The Korea Herald


[Editorial] Flashpoint in Middle East

Seoul must prepare against all possibilities in face of tensions after Iran‘s strike on Israel

By Korea Herald

Published : April 16, 2024 - 05:30

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Iran launched a massive missile and drone strike against Israel early Sunday in retaliation against Israeli airstrikes on an Iranian consular building in Damascus, Syria, early this month that killed two Iranian generals. It was Iran’s first direct attack on Israeli territory after decades of a shadow war.

Israel said its defense systems had successfully intercepted the attacks, resulting in minimal damage within its borders. The US and other members of the UN Security Council urged restraint, and Iran signaled that it would not strike further unless attacked.

However, tensions in the already precarious Middle East have escalated further, as Sunday’s salvo from Iran came a day after Iran seized a container cargo ship allegedly linked to Israel in the strategic Strait of Hormuz.

The world is anxiously watching, hoping Israel does not decide to strike back at Iran, as that could involve other neighboring countries and lead to an all-out war in the Middle East.

The attack on Sunday was well telegraphed, with Iran’s foreign minister saying it had given neighboring countries 72 hours‘ notice, and is widely interpreted as a warning shot from Iran that it will no longer rely on proxies to fight Israel in their shadow war that has silently raged since the Iranian Revolution in 1979. Iran stressed that it targeted Israeli facilities involved in the Damascus attack, not civilians or “economic areas.”

Over the past decades, Iran has mostly used foreign proxies such as Lebanon’s Hezbollah militia to strike Israeli interests, while Israel carried out mainly targeted assassinations of Iranian military leaders and nuclear scientists. The two sides have avoided all-out war because they do not share a border. Lebanon, Syria and Iraq lie between them.

Iran, dominated by Shiite Muslims, has prioritized Sunni Islamic Saudi Arabia and Turkey as potential enemies. While Iran’s weapons are known to be decrepit as international sanctions have battered the country’s economy, Israel is unofficially considered a nuclear state and has high-tech weapons and defense systems such as the Iron Dome.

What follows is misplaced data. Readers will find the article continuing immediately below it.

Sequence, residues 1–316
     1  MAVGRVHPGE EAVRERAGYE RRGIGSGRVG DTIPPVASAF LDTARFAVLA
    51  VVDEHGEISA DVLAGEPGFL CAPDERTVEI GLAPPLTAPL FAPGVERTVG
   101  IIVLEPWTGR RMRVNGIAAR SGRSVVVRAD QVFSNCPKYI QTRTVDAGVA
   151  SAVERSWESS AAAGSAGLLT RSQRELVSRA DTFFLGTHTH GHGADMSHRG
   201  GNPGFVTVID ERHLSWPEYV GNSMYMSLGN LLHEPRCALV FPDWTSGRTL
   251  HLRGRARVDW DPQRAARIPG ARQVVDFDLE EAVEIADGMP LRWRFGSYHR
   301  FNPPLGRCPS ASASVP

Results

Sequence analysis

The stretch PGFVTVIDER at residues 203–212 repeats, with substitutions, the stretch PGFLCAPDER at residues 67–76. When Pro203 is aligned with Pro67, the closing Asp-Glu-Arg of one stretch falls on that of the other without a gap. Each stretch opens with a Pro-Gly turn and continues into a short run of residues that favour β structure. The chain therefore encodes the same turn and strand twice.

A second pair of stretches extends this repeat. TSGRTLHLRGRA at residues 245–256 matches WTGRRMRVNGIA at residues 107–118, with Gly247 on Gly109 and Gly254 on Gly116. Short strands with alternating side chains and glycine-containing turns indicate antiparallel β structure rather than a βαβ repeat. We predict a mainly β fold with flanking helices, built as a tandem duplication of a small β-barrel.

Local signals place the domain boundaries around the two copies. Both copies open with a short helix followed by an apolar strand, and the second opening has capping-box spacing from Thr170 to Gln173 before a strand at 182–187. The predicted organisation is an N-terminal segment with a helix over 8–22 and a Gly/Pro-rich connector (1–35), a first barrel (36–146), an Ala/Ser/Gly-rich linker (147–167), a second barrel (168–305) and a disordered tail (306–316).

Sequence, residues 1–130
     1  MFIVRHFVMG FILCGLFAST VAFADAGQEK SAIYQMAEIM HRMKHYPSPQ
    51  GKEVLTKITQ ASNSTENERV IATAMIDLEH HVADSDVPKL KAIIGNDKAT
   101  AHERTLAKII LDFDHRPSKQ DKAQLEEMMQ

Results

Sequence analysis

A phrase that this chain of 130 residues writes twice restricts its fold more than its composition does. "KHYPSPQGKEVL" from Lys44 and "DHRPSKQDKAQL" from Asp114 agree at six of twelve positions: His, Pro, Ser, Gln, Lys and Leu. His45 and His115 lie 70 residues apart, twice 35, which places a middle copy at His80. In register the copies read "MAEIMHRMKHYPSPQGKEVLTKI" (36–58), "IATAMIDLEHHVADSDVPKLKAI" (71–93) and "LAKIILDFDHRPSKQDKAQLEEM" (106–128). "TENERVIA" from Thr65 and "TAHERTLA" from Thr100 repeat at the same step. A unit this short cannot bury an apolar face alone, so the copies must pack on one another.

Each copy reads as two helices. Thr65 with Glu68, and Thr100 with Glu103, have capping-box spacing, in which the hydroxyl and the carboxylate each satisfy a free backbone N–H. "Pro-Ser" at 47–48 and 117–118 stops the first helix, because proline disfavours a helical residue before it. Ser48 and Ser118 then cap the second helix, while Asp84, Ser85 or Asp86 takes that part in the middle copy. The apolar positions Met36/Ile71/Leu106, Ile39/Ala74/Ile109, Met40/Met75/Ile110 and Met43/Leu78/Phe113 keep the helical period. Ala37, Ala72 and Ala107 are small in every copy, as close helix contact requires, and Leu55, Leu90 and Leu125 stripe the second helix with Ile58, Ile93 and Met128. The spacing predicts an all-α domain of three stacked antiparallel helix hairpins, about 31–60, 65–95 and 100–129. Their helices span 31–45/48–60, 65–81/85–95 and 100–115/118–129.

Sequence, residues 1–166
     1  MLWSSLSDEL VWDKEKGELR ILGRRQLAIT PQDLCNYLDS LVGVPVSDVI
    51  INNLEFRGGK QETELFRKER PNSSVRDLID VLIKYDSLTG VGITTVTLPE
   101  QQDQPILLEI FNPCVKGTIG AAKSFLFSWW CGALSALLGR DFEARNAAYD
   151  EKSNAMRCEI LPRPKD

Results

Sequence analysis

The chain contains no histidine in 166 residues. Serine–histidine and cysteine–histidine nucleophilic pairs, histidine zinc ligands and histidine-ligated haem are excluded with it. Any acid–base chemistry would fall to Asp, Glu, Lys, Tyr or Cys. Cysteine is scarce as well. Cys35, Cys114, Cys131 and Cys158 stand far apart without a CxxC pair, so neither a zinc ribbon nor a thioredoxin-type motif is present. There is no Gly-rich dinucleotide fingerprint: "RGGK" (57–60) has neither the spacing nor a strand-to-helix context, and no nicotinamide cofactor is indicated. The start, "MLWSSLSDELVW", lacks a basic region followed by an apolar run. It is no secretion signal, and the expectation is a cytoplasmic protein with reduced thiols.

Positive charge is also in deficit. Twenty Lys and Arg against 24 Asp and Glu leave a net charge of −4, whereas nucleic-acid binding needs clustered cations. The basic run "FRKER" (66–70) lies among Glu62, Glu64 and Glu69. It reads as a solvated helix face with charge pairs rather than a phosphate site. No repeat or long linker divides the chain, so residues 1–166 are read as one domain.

Having suffered terrorist bombing attacks that killed over 100 in January, which Tehran believes Israel was behind, and the April 1 bombing in Damascus that killed about 10 including a senior commander of the overseas operations unit of Iran’s Islamic Revolutionary Guard Corps, Iran felt the need to send a message to its people and the world that it will not just sit back. Some say Iran launched the missiles and drones toward Israel on Sunday to raise instabilities in the Middle East, hoping to benefit from a hike in oil prices, as crude oil accounts for nearly 60 percent of Iran’s total exports.

The prolonged war between Israel and Hamas is already dealing a blow to neighboring countries. The United Nations Development Program said that some 230,000 people may fall into poverty in Egypt, Jordan and Lebanon.

The South Korean government should closely analyze developments in the Middle East and prepare against all possibilities, as a further escalation of the crisis could strain supply chains and shoot up international oil prices even more. A possible blockade of the Strait of Hormuz, the world’s most strategic oil chokepoint, would disrupt global maritime transport and cause logistics and shipping costs to jump. In addition to ensuring the safety of Koreans residing in or visiting the region, Seoul must have emergency plans ready to minimize the impact of high oil prices and the Korean won’s further descent against the US dollar on the economy.

The government and think tanks here must also prepare against all security risks in this part of the world, as North Korea continues to deepen its ties with Russia and China.

The presidential office and the ruling party, which are still trying to process their crushing defeat in the general election last week, must make genuine efforts to communicate with opposition leaders to attain their cooperation. They will have no time to waste over partisan bickering at home in the face of international security and economic woes.